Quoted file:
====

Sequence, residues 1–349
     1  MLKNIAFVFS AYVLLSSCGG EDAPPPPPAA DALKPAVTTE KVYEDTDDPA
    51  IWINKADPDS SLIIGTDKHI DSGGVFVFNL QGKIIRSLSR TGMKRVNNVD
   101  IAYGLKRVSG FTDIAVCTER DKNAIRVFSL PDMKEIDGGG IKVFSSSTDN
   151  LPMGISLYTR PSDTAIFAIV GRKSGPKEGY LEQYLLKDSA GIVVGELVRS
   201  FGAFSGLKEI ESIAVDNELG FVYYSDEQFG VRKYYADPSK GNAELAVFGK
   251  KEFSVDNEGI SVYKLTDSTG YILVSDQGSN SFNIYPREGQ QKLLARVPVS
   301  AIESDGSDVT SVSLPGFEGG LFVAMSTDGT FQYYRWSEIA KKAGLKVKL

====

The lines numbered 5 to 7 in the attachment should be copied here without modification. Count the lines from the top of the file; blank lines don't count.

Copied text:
   151  LPMGISLYTR PSDTAIFAIV GRKSGPKEGY LEQYLLKDSA GIVVGELVRS
   201  FGAFSGLKEI ESIAVDNELG FVYYSDEQFG VRKYYADPSK GNAELAVFGK
   251  KEFSVDNEGI SVYKLTDSTG YILVSDQGSN SFNIYPREGQ QKLLARVPVS